In this issue of the AJNR, Roberts et al describe the dynamic contrast-enhanced CT findings in two patients with metastatic brain tumors. Specifically, the authors demonstrate the feasibility of constructing quantitative maps of the microvascular permeability surface area product, as well as more familiar blood volume and flow maps, by using CT datasets. Such maps may provide a numerical estimate for the degree of local disruption of the blood-brain barrier. Because permeability measurements are dependent on the molecular structure of the tracer used for imaging (ie, nonionic iodinated contrast material for CT and gadolinium-based agents for MR imaging), focal variations in permeability were noted between the CT and MR maps in one patient; the CT blood volume maps, however, correlated well with their MR counterparts.
The article by Roberts et al is a well-written report on a novel and timely topic—that of brain-tumor permeability mapping by using CT tracer-kinetic techniques. As with dynamic blood volume imaging, such mapping has the potential to assist in the grading of brain tumors, prediction of outcomes, guidance of stereotactic biopsy, monitoring of treatment responses, and evaluation of anti–angiogenesis agents (as surrogate markers in clinical trials). In distinction to the more thoroughly studied first-pass tracer-kinetic models commonly used to create MR and CT perfusion maps, the method described by Roberts et al uses delayed imaging; the total acquisition time was 5½ minutes, with a radiation dose roughly twice that of a routine nonenhanced head CT examination. Body imagers have applied related methods to study liver and prostate tumors; perhaps this articles will provide an impetus for similar studies by neuroradiologists.
Unlike MR perfusion techniques, CT currently has limited coverage and requires the use of both iodinated contrast material and ionizing radiation. CT, however, can provide convenient, high-resolution, low-cost, and truly quantitative maps of cerebral blood flow (CBF), cerebral blood volume (CBV), mean transit time (MTT), and permeability surface area (PS) product. Drawbacks to MR perfusion imaging include contraindications to imaging in some patients, as well as the confounding effects of susceptibility artifact on image quality and flow quantification.
Abbreviations for perfusion imaging techniques that have appeared in the literature include the following: DCEMR/CT, which is defined as dynamic contrast-enhanced MR or CT imaging (as used in the manuscript by Roberts et al); HI, defined as hemodynamic imaging; PWMR/CT, defined as perfusion-weighted MR imaging or CT; pMRI/CT, defined as perfusion MR imaging or CT; and MRP and CTP, which are generic terms for MR and CT perfusion imaging, respectively—to name just a few. Such varied terminology is not only confusing but also possibly misleading. For example, many articles that describe an MR diffusion-perfusion mismatch in acute stroke have not explicitly clarified that they refer to only arrival time maps, and not to CBF, CBV, or even MTT maps; this distinction is important and sometimes critical in the presence of a fixed carotid artery occlusion. Also, dynamic first-pass MR perfusion imaging of tumors can be performed by using either gradient-echo (common) or spin-echo (uncommon) pulse sequences; each have different implications for the dosage of gadolinium-based contrast agent and the sensitivity for the detection of large-capacitance vessels. Moreover, alternative, non–first pass methods for perfusion CT are available; these include CT perfused blood-volume imaging (CT-PBV), in which CBV-weighted images of the entire brain are obtained—simultaneously with CT angiographic (CTA) images of the complete neurovascular system—by using the same, approximately steady-state administration of a bolus of contrast agent (1,2). Because of their generality, in addition to their lack of standardization, the acronyms noted earlier fail to adequately distinguish between the various forms of perfusion imaging.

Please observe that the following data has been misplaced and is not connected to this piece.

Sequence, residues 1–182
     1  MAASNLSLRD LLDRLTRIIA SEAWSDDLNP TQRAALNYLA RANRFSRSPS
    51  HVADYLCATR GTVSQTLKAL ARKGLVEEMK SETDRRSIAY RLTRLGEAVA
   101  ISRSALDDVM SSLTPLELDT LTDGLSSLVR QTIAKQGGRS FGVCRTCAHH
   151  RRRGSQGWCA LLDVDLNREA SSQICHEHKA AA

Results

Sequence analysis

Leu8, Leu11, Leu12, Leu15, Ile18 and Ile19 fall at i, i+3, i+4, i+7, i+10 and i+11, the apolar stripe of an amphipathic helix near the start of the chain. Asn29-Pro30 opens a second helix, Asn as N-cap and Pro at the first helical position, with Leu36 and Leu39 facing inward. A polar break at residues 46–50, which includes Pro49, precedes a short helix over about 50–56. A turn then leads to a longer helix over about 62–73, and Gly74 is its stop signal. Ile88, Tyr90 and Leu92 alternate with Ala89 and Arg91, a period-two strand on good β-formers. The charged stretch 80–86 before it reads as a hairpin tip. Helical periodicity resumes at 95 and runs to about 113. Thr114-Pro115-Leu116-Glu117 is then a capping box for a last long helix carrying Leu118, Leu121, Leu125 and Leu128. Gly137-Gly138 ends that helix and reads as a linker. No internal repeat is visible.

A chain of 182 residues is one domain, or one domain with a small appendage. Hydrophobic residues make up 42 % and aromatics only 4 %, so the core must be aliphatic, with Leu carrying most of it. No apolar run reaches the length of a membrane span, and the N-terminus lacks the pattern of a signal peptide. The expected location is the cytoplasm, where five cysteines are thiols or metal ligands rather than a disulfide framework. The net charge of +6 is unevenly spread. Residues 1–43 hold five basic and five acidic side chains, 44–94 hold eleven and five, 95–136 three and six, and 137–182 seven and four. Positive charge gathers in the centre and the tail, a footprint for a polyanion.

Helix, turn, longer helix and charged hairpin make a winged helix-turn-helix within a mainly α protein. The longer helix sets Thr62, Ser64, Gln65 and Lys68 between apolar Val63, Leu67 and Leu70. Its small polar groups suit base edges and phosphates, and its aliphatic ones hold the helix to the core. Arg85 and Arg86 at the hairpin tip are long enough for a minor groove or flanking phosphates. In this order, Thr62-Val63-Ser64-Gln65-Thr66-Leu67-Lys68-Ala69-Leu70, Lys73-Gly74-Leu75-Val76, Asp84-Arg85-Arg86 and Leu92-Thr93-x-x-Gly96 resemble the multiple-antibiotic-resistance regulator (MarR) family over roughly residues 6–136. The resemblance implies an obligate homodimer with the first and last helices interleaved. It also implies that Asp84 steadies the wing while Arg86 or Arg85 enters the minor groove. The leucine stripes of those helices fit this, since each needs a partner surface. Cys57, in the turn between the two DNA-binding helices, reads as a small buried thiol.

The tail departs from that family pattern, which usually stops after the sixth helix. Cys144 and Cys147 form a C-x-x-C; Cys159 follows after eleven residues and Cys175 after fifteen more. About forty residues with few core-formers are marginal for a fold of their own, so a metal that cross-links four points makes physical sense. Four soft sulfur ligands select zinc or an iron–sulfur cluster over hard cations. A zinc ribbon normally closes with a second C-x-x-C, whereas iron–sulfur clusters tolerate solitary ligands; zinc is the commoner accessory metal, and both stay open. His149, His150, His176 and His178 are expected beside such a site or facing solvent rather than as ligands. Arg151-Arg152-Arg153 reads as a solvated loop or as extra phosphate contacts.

This profusion of perfusion abbreviations suggests that it is time for the neuroradiology community to establish a standardized nomenclature. I would like to open the discussion by proposing the following scheme; perhaps this issue will not prove to be as contentious as the great turn-of-the-millennium CT debates about helical versus spiral terminology, or single versus multislice pitch definitions (3). CTP and MRP are probably appropriate generic abbreviations to use when one is referring to CT or MR perfusion imaging broadly and nonspecifically, just as CTA is a widely accepted acronym for CT angiography. When greater detail regarding the type of perfusion imaging is required, perfusion maps could be specified by using a two-letter prefix to define the modality and a three-letter suffix to describe the parameter being measured. For example, CT-PBV can be used to indicate CT perfused blood volume maps, and MR-PS can be used for MR permeability surface area maps. When the context is insufficient to discriminate between related maps, an extra lowercase qualifier might be judiciously considered. For example, quantitative scans could be characterized by the addition of the letter “q,” as in CT-qCBF for quantitative dynamic first-pass CT perfusion maps, as opposed to CT-MTT for MTT maps constructed by using qualitative or unspecified methods. Similarly, although gradient-echo is the default mode in performing MR-CBV, spin-echo acquisitions could be specified as MR-seCBV.
Such a scheme, if adopted, has the potential not only to reduce the confusion caused by the increasing number of CT and MR perfusion applications but also encourage physicians to become more familiar with the details of these techniques.
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